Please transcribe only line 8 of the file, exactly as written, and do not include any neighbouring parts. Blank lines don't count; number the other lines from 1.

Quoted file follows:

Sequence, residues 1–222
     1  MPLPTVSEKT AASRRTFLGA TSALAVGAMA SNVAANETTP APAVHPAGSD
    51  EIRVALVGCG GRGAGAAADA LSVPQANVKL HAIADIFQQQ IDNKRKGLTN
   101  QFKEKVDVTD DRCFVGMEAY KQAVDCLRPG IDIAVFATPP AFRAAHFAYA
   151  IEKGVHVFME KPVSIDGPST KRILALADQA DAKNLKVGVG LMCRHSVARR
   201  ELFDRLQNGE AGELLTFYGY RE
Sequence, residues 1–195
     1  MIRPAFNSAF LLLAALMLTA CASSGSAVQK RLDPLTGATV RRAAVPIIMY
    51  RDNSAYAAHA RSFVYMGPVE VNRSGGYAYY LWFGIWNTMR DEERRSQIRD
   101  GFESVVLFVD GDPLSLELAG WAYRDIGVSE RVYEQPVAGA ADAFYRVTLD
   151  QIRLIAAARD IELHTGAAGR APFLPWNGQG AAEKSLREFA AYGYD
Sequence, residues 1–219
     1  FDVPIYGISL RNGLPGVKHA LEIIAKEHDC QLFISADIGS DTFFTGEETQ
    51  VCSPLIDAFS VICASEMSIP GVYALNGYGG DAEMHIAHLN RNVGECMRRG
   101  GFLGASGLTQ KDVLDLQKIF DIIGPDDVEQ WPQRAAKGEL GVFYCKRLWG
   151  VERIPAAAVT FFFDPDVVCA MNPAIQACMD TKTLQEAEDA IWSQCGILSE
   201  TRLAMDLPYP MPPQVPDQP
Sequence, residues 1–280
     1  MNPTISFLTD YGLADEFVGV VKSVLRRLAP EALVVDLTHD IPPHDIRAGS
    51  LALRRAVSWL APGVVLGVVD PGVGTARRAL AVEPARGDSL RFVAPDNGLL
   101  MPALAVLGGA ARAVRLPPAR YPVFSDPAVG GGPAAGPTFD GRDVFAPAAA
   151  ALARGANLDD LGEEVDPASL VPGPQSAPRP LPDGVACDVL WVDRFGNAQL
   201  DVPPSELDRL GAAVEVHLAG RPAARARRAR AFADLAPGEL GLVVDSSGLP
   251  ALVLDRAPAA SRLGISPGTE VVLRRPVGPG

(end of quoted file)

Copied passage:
     1  MIRPAFNSAF LLLAALMLTA CASSGSAVQK RLDPLTGATV RRAAVPIIMY